The Junta de Andalucía has opened an investigation to determine whether works by French artist Invader, which have appeared on buildings and walls around Malaga, are damaging the city’s historical heritage.
The artist, who has not revealed his identity nor his face on social media, has installed 29 pieces around the city, but some say he went a step too far when installing his latest piece on the Palacio Episcopal, which is listed as a Asset of Cultural Interest (BIC). This led the Diocese of Malaga to lodge a complaint, which in turn has sparked a Local Police investigation into possible criminal damage caused by the mosaics.
The Frenchman’s mosaics mainly represent the space invaders from the video arcade games that were popular in the 80s and 90s.
Little else is known about the street artist, except from the fact that he was born in 1969 and studied at a Fine Arts institution in Paris.
The artist was contacted by the Malaga Contemporary Art Centre (CAC) some time ago when he was in Paris, resulting in an agreement which would see him set up an exhibition as part of the urban art project MAUS, as well as displaying art at the port.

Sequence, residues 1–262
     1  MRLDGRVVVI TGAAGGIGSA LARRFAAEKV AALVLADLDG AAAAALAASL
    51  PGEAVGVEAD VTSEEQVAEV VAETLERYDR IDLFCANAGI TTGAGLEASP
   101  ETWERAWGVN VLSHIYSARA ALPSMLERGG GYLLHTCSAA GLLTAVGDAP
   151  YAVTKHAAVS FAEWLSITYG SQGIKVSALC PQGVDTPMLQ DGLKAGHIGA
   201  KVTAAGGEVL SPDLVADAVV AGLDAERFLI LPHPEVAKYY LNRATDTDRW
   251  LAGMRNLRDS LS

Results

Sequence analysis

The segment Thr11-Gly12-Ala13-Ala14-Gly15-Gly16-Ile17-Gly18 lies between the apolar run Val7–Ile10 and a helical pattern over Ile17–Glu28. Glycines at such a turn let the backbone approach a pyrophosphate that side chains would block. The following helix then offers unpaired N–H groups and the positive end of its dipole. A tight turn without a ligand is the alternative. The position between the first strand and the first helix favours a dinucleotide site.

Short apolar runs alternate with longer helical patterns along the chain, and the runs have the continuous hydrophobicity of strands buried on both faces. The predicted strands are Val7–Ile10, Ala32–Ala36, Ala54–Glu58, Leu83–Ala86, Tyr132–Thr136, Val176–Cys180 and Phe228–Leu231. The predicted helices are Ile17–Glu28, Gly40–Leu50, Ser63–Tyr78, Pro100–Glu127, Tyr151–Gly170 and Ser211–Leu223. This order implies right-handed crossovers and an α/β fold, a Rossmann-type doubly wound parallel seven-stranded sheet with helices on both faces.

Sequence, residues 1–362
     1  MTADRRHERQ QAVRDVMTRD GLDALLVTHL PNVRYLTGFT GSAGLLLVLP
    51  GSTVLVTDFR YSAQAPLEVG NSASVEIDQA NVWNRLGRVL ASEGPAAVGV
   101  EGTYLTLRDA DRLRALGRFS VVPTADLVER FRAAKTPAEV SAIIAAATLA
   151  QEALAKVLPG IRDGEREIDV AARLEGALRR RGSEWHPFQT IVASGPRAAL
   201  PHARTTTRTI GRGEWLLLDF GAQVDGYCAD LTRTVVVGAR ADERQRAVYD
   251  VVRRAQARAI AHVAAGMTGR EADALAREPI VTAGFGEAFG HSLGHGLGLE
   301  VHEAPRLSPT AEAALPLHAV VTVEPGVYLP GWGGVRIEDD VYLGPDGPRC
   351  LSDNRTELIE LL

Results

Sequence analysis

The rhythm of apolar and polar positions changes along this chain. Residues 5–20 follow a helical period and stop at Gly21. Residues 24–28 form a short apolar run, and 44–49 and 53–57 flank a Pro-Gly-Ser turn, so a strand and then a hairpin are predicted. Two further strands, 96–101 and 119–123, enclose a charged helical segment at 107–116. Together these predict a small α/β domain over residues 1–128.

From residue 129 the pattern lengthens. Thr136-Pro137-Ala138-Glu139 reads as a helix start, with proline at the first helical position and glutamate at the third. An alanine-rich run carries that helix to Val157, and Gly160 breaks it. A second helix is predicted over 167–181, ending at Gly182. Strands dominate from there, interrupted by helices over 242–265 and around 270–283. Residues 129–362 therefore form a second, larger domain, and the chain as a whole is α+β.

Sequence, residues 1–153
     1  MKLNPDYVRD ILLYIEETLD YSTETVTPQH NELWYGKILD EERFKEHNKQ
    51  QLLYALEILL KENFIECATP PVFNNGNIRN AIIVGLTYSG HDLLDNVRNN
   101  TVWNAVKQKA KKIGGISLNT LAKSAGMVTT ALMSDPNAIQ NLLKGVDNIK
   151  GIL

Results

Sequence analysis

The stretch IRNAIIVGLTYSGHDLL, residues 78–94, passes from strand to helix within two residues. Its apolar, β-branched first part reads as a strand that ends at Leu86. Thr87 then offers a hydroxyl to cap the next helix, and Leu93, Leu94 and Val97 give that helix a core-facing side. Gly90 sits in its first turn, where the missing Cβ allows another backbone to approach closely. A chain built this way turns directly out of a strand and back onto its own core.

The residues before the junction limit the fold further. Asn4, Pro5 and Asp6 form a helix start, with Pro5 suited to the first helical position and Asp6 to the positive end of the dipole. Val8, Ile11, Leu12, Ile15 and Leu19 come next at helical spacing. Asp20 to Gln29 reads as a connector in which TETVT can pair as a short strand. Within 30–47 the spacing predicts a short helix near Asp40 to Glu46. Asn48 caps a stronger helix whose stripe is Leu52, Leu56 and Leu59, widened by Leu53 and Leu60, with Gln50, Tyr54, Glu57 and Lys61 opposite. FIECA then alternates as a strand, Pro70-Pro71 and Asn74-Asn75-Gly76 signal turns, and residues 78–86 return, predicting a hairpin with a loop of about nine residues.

However, before fulfilling these obligations, the Frenchman decided to come to the city unannounced to leave his unique mark.
In the last few weeks he has “invaded” Calle San Agustín and Calle Santa María, as well as the wall of the Pablo Picasso promenade out to the east of Malaga with his urban artwork.
Malaga is just one of 71 cities worldwide to receive his mosaics, which globally total close to 3,500.
While the artworks have caused excitement among fans, the reaction of the Diocese of Malaga was not so favourable, demanding that the work be removed.
The police are also looking into the involvement of the CAC and its director Fernando Francés, who is seen on social media meeting with Invader and has since suggested that Invader’s work “might be much more important than the Bishop’s Palace”.